Game One Requiem: What Does Losing a Home Game Mean to the Blazers?

Drew BartonAnalyst IApril 20, 2009

PORTLAND, OR - APRIL 18:  Brandon Roy #7 of the Portland Trail Blazers holds his face after being injured during a scramble for the ball against  the Houston Rockets during Game One of the Western Conference Quarterfinals of the 2009 NBA Playoffs on April 18, 2009 at the Rose Garden in Portland, Oregon. NOTE TO USER: User expressly acknowledges and agrees that, by downloading and or using this Photograph, user is consenting to the terms and conditions of the Getty Images License Agreement.  (Photo by Jonathan Ferrey/Getty Images)

I was looking for the right word to describe the first Blazer playoff game in six years. Destruction? Annihilation? Crushing? Ah, wait...I have it. Humiliation.

Make no mistake, Houston came out and pummeled the Blazers beyond all recognition. They started with a punch in the mouth. When Portland got up Houston got serious.

They started the renewed assault with a kick in the groin followed by another punch in the mouth and then, as the Blazers lay there bleeding, they dropped a few elbows and followed those up with a piledriver that put the Blazers through the floor.

They then started to walk away before returning to kick the prone body once more for just one measure.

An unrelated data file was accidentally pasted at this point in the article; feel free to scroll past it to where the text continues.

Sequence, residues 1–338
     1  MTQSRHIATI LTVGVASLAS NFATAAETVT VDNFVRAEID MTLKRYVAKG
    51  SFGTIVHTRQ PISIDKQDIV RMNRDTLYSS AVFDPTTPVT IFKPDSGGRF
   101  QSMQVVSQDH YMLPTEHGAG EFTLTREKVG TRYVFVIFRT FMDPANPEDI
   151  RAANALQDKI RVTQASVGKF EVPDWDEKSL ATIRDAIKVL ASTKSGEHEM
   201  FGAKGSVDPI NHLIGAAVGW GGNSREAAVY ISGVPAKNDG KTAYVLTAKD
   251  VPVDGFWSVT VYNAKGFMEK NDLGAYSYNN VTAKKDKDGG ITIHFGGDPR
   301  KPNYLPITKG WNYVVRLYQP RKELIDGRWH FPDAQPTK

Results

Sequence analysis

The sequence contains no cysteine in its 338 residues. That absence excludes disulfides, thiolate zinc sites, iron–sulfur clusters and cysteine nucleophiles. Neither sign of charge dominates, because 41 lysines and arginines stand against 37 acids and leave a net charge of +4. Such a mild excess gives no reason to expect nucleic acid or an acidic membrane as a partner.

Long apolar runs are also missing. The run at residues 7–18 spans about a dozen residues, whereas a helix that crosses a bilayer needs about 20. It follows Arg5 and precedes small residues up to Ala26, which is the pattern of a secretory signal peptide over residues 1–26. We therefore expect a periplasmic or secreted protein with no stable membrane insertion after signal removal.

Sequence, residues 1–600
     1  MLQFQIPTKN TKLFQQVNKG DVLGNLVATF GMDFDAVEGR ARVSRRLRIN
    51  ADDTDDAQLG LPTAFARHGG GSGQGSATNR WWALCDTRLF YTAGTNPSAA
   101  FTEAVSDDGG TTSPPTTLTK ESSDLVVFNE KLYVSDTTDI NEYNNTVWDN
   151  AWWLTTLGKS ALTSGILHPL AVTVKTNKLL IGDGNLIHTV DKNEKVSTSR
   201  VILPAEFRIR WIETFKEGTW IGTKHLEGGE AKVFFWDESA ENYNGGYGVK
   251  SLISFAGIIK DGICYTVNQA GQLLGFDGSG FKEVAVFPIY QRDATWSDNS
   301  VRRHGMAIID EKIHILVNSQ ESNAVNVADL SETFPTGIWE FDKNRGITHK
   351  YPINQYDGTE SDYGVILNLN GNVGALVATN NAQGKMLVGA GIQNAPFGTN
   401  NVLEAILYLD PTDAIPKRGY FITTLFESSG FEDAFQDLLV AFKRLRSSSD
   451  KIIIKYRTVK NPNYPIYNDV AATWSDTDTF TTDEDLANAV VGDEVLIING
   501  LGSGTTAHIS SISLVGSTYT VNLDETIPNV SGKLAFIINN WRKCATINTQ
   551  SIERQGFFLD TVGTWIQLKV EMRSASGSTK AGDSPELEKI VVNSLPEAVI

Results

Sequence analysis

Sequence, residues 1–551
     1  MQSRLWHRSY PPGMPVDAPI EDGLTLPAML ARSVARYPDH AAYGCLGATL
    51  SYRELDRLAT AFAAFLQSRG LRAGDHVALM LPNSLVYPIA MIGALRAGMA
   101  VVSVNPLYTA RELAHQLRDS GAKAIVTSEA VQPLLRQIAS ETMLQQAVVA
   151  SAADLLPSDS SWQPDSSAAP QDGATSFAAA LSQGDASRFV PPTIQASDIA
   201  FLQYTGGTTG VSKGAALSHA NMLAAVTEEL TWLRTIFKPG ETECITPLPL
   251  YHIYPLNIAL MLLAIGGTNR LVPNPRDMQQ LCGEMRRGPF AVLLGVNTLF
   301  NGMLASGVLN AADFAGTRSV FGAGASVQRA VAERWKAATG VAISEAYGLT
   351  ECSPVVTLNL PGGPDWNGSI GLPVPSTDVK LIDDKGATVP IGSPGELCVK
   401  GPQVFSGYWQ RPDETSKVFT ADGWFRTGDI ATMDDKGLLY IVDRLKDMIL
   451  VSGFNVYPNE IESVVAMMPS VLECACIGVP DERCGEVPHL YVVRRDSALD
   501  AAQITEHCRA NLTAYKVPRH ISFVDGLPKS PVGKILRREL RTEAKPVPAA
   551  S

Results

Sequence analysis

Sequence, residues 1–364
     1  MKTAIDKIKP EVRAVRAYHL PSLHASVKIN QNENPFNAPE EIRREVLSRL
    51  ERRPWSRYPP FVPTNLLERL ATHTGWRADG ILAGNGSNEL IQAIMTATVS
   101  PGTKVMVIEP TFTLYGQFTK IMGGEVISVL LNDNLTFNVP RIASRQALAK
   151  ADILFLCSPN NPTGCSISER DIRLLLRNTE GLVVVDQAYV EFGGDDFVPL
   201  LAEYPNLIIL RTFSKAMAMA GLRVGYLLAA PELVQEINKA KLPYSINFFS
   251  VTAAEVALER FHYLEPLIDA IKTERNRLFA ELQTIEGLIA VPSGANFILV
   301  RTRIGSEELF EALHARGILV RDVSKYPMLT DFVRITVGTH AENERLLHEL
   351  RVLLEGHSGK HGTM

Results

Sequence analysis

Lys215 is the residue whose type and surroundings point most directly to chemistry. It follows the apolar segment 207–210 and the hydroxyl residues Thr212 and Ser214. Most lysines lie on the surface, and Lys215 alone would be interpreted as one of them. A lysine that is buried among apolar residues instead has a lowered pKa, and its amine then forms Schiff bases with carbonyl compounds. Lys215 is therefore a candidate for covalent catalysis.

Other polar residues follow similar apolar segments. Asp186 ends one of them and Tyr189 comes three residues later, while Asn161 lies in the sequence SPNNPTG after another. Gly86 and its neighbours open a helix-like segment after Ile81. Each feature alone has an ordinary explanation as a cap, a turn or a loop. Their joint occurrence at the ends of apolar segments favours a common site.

The Blazers, for the first time since the first game of the season when they Lakers humiliated them in similar fashion, looked young, inexperienced, and unprepared. They also looked like a team that felt they had accomplished all their goals just by making the playoffs.

The Rockets, by contrast, for the first time in recent playoff memory, looked like a team that not only wanted to make the playoffs, they wanted to get out of the first round.

It all started on the first Blazer possession. LaMarcus Aldridge posted up Luis Scola on his strong side, the low left block. This allows him to either spin baseline or come across the lane with a sweeping hook that is pretty tough to defend.

Unless, of course, you are 7'6", come off your man and swat it away as Yao Ming did. He executed a shot block so spectacular and intimidating it took Aldridge out of the game for the rest of the half and part of the third quarter. By the time Aldridge recovered, it was too late as the game was out of reach.

It was not only Aldridge who struggled, though. Early on it looked like Nicolas Batum might be a force. He ball-faked on the perimeter, drove baseline and hammered home a dunk. That opened things up. Brandon Roy started driving aggressively to the hoop and scoring regularly.

Unfortunately, that would be the last points for Batum, no other Blazer was scoring, and Houston started collapsing on Roy every trip inside and he stopped shooting. 

Meanwhile, Houston went inside to Ming early and often and he delivered. Barring injury or a precipitous fall-off in talent level, Ming will be in the Hall of Fame some day and in this game it looked like that day should be now. 

His 9-for-9 shooting in the game (all in the first half) was more than enough to put the Blazers in a hole too deep to ever climb out of.

The good news is there are perhaps two Blazers who did not have the worst games they will have in the entire series. Those two were Greg Oden and Brandon Roy, though Roy is unlikely to play that poorly either.

Oden did what you are supposed to do against shot blockers. He used ball fakes to get them in the air and scored virtually at will. Roy also scored well. But they were nowhere near enough in light of the team approach taken by the Rockets.